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Design Ideas

Tips for Planning a Successful Home Renovation

Thinking about remodeling your home? A design/build/realty expert weighs in with what to consider before you do.


If you’ve been keeping up with the current sentiment in the housing, building, and real estate markets (like with the help of our 2024 Trends Report: Top 5 Things of Note in the Renovation Era), you’re probably aware that there’s a renewed emphasis on remodeling and renovation. And if you’re thinking about embarking on a project yourself, where should you begin?


We met recently with Heather Fox, co-owner and co-founder (with her husband Brad) of Foxwell Shoppe + Studio, Fox Homes, and Fox Realty, Minneapolis-area retail, design, development, and real estate companies. With two decades of experience in the real estate and building industries, and a hand in almost all aspects of the housing market, Fox has a unique perspective on points of emphasis for homeowners who are renovation curious. She shared these remodel considerations:

Time is of the Essence

First and foremost, Fox said that while people shouldn’t launch into a project without careful thought, time is of the essence, not just from a logistical perspective, but from a cost one as well.


“I think the biggest thing is planning far enough in advance,” she said. “We often have people that come to us and they want all of the work to start in 30 days, but there's a lot that goes into it. If they're thinking about doing a project next year, now is the time they should really be planning.”


And it isn’t just that building, renovations, and permits take a while, it’s that they just keep getting more expensive. Putting off your project waiting for prices to go down probably isn’t going to happen, Fox added.


“In my time in this industry, which has been about 20 years, I have not seen construction costs ever go down,” she said. “Maybe they fluctuated a tiny bit when the price of lumber went down from its all-time high. But, generally speaking, the price of construction is only getting more and more expensive.”


A mix of rising labor and material costs means getting the ball rolling as soon as you can is probably a good idea.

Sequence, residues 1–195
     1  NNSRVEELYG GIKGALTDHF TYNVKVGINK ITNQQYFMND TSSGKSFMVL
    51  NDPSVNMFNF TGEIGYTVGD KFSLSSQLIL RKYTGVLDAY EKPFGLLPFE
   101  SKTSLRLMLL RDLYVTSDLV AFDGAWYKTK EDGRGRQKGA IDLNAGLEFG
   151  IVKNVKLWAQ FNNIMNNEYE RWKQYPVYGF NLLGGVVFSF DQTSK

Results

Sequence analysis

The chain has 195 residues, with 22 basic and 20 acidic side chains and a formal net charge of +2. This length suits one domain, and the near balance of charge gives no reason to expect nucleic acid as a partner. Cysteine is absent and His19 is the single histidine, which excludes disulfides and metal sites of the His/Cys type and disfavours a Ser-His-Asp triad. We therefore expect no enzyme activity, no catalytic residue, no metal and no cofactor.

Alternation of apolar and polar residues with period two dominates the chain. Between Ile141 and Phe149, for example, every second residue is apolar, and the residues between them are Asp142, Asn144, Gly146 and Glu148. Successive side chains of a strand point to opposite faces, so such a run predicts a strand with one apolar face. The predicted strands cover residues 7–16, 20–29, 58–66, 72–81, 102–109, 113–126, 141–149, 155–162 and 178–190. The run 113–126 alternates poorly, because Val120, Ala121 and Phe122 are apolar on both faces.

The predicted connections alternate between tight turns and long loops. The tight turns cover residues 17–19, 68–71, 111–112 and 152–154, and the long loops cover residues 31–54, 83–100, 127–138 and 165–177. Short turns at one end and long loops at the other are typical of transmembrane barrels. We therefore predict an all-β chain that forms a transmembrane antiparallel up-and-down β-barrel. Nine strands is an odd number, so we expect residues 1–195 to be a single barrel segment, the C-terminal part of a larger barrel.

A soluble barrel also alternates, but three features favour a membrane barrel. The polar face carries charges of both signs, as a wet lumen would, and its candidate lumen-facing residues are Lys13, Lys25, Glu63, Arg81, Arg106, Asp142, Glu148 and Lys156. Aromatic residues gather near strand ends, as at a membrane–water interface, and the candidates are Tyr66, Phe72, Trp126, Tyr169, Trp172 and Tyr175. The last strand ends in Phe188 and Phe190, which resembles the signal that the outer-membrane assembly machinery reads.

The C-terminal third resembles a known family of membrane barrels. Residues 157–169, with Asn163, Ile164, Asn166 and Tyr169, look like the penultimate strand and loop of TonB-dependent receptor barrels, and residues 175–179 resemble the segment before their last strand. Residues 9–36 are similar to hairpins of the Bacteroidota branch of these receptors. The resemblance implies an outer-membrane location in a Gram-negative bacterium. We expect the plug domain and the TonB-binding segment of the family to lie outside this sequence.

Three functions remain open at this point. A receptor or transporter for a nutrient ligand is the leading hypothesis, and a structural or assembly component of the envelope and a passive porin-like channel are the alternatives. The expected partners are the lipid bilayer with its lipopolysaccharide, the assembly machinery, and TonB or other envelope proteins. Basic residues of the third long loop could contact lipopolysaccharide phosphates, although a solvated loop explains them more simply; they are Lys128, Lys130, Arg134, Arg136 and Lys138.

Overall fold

Practical and Personal is In

So, you’ve decided a renovation is right for you. The next step is prioritizing the changes you want to make. The Foxes are used to guiding people through this process, but they’ve seen some changes recently. Projects are not just about updating fixtures or redesigning spaces for aesthetic reasons, there’s a renewed interest in mindful improvements that benefit how you use your spaces every day.


“Selling and buying something else is not quite the same as it used to be,” Fox said. “So people are investing in their homes and in practical spaces and really thinking about, space-wise, the things that will make their home work for them longer term.”


Knowing what project scope works for which homeowners is something that comes with experience, and it’s where Fox guides, but then steps back and really considers the individuals. In the end, it’s their home, so they need to feel comfortable about where they invest their time and money. Fox offered this perspective for how she helps clients get to that place.

“I think it's prioritizing what is important in your home because it is different for everybody. It’s really listening to the client and to what they need.”

Consider Trends Without Being Trendy

With the rise of usable spaces versus flash-in-the-pan aesthetic updates and a hyperfocus on the individual, you’d think what’s trendy would take a backseat in the decision-making process. And you’d be right, but only to a point. Fox is still seeing some trends pop up that are worth considering, even if your project skews toward long-term, make-this-space-future-proof-for-us.


The First Trend: A Return to Pantries

“Oftentimes if somebody is doing a kitchen renovation, they want to have a space where things are hidden away,” Fox said. “So we add large walk-in pantries. It’s a space for all those extra dishes, for food storage that’s hard to fit in a cabinet. Overall, a spot where it can be a little bit messy and the rest of your kitchen looks completely clean and put together.”